Months before the August legislative elections last year, a small scandal erupted in the electoral bureau of Haiti’s Artibonite department. Nine months later Haiti remains mired in a political crisis, but how this came to be has faded from the headlines.

Tracing the election’s flaws from the beginning, in the Artibonite Valley, reveals just how corrupt the electoral process has been and how the politics of power and money have subverted the democratic will of the Haitian people and the elections’ credibility from day one.

In April, Louis Frantz Dort replaced Ralph Ederson Dieuconserve in the departmental electoral bureau of the Artibonite. “This suspicious change is evidence that an electoral coup is being prepared for the Parti Haitien Tet Kale (PHTK) in the Artibonite,” political activist, Délice Jacques, told the local press. The PHTK is the party of current president Michel Martelly, whom human rights organizations, religious leaders and the political opposition have accused of manipulating the elections for his own benefit and that of his allies. But in the Artibonite, this takes on a unique dynamic.

The PHTK openly allied with a number of political parties, but “then you have the local potentates,” explained an official with an international election observation mission, who requested anonymity since the process is ongoing. “It’s lord logic. They may not be part of PHTK, but the local leader wants to maintain control of his area for himself, not just for the party.” For the better part of the last decade, Haiti’s second-largest department, the Artibonite, has increasingly been controlled by Youri Latortue — a former senator and nephew of former Prime Minister Gerard Latortue — and his political party, Haiti in Action (AAA).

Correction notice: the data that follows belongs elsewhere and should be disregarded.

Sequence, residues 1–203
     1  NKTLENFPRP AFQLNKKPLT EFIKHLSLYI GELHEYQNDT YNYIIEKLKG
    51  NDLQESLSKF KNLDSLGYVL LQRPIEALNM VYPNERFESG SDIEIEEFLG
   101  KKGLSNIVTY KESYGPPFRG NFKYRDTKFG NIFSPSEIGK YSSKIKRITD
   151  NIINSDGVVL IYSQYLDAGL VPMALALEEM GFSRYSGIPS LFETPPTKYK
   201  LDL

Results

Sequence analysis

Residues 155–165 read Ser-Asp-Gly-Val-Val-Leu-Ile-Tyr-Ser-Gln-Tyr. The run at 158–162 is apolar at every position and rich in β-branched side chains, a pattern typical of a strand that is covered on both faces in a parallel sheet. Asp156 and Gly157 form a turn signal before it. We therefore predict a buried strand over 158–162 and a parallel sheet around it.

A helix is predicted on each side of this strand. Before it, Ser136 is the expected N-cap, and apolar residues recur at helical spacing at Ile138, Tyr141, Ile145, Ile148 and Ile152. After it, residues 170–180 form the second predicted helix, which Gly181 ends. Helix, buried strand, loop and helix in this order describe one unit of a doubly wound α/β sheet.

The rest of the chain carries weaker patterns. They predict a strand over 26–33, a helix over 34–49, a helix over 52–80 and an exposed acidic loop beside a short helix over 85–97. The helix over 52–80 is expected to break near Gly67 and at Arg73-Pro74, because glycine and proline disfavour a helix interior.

An advisor to President Martelly, Latortue was described by U.S. Ambassador to Haiti Janet Sanderson in a 2007 cable published by WikiLeaks, as “the poster boy for political corruption in Haiti.” The former head of the United Nations in Haiti referred to him as a “drug dealer.” A year prior, after speaking with a close colleague of Latortue, Sanderson cabled that Latortue “may well be the most brazenly corrupt of leading Haitian politicians,” adding that “The Latortue family is crawling all over Haitian politics.”

***

Haiti remained on edge in the lead-up to the August election. After the terms of the entire Chamber of Deputies and two-thirds of the Senate expired in January 2015, Martelly ruled the country without legislative oversight. Without elections, local officials had, years earlier, been replaced by political appointees. Despite pledges from the national electoral council (CEP) and positive assessments from international observers, the vote on August 9 was plagued by widespread violence, intimidation and outright fraud. It was, arguably, the worst in the Artibonite.